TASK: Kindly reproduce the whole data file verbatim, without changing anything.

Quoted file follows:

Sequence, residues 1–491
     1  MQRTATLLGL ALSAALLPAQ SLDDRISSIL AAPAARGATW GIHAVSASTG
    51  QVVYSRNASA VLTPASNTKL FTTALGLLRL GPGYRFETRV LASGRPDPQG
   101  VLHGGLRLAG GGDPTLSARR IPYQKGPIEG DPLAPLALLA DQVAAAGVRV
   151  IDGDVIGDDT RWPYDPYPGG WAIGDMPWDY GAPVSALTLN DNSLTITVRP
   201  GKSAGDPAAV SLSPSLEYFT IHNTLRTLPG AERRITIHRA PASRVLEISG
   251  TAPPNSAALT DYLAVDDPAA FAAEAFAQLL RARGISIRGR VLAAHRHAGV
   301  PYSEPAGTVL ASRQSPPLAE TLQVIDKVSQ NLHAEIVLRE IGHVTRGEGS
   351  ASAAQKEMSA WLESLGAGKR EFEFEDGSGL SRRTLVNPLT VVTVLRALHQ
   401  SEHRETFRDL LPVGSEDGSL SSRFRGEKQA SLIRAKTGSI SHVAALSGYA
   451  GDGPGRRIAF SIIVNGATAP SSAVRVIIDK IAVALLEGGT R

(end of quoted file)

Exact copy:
Sequence, residues 1–491
     1  MQRTATLLGL ALSAALLPAQ SLDDRISSIL AAPAARGATW GIHAVSASTG
    51  QVVYSRNASA VLTPASNTKL FTTALGLLRL GPGYRFETRV LASGRPDPQG
   101  VLHGGLRLAG GGDPTLSARR IPYQKGPIEG DPLAPLALLA DQVAAAGVRV
   151  IDGDVIGDDT RWPYDPYPGG WAIGDMPWDY GAPVSALTLN DNSLTITVRP
   201  GKSAGDPAAV SLSPSLEYFT IHNTLRTLPG AERRITIHRA PASRVLEISG
   251  TAPPNSAALT DYLAVDDPAA FAAEAFAQLL RARGISIRGR VLAAHRHAGV
   301  PYSEPAGTVL ASRQSPPLAE TLQVIDKVSQ NLHAEIVLRE IGHVTRGEGS
   351  ASAAQKEMSA WLESLGAGKR EFEFEDGSGL SRRTLVNPLT VVTVLRALHQ
   401  SEHRETFRDL LPVGSEDGSL SSRFRGEKQA SLIRAKTGSI SHVAALSGYA
   451  GDGPGRRIAF SIIVNGATAP SSAVRVIIDK IAVALLEGGT R